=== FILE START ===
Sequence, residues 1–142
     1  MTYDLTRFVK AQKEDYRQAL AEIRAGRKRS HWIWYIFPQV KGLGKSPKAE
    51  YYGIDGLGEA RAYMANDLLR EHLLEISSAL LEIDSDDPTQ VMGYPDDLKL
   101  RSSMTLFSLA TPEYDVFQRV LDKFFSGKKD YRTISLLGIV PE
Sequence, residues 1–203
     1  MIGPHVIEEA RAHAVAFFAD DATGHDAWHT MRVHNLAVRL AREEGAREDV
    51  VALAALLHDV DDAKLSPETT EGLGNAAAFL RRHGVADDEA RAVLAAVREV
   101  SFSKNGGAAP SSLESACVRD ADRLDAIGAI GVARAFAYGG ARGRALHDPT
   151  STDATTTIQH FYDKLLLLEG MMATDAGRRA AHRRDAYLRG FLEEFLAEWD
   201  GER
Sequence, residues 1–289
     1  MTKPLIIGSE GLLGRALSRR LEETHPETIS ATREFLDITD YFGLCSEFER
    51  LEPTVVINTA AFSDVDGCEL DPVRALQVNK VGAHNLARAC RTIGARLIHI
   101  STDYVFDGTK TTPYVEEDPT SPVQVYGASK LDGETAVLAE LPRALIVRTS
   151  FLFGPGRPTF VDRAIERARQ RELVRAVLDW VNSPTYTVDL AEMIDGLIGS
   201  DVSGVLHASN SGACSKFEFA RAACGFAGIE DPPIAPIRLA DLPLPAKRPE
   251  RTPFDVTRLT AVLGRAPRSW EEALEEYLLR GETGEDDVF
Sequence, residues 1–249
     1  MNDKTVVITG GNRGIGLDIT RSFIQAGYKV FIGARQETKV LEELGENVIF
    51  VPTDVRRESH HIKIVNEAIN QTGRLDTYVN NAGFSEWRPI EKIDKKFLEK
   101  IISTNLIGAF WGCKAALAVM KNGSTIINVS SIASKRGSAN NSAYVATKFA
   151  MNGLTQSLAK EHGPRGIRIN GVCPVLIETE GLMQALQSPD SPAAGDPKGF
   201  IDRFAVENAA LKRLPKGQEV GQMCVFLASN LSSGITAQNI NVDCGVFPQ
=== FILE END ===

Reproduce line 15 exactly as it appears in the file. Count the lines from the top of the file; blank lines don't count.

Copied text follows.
   151  FLFGPGRPTF VDRAIERARQ RELVRAVLDW VNSPTYTVDL AEMIDGLIGS